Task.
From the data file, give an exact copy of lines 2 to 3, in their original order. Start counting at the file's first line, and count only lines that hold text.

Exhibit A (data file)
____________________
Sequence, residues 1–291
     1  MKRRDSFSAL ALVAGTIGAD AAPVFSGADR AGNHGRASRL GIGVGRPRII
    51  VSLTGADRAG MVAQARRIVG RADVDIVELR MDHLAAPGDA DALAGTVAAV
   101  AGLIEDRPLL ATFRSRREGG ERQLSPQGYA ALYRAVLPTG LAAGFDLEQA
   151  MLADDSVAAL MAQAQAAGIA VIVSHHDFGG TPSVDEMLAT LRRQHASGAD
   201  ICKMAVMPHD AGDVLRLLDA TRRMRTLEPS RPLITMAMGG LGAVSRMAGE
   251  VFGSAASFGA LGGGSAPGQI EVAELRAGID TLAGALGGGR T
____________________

     1  MKRRDSFSAL ALVAGTIGAD AAPVFSGADR AGNHGRASRL GIGVGRPRII
    51  VSLTGADRAG MVAQARRIVG RADVDIVELR MDHLAAPGDA DALAGTVAAV